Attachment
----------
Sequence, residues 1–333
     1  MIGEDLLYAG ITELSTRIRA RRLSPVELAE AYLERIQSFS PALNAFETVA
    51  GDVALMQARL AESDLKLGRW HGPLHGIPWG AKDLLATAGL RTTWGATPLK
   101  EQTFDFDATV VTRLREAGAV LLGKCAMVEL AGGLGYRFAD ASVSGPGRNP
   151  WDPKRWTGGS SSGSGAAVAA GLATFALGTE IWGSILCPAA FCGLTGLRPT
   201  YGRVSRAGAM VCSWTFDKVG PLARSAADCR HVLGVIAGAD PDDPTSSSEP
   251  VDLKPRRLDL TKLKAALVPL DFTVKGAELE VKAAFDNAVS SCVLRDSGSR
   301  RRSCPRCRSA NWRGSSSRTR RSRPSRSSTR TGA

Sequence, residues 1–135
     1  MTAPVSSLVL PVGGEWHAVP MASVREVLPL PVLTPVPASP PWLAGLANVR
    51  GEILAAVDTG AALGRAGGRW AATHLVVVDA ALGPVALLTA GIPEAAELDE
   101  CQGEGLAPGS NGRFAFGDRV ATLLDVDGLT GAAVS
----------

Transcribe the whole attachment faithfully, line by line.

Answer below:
Sequence, residues 1–333
     1  MIGEDLLYAG ITELSTRIRA RRLSPVELAE AYLERIQSFS PALNAFETVA
    51  GDVALMQARL AESDLKLGRW HGPLHGIPWG AKDLLATAGL RTTWGATPLK
   101  EQTFDFDATV VTRLREAGAV LLGKCAMVEL AGGLGYRFAD ASVSGPGRNP
   151  WDPKRWTGGS SSGSGAAVAA GLATFALGTE IWGSILCPAA FCGLTGLRPT
   201  YGRVSRAGAM VCSWTFDKVG PLARSAADCR HVLGVIAGAD PDDPTSSSEP
   251  VDLKPRRLDL TKLKAALVPL DFTVKGAELE VKAAFDNAVS SCVLRDSGSR
   301  RRSCPRCRSA NWRGSSSRTR RSRPSRSSTR TGA

Sequence, residues 1–135
     1  MTAPVSSLVL PVGGEWHAVP MASVREVLPL PVLTPVPASP PWLAGLANVR
    51  GEILAAVDTG AALGRAGGRW AATHLVVVDA ALGPVALLTA GIPEAAELDE
   101  CQGEGLAPGS NGRFAFGDRV ATLLDVDGLT GAAVS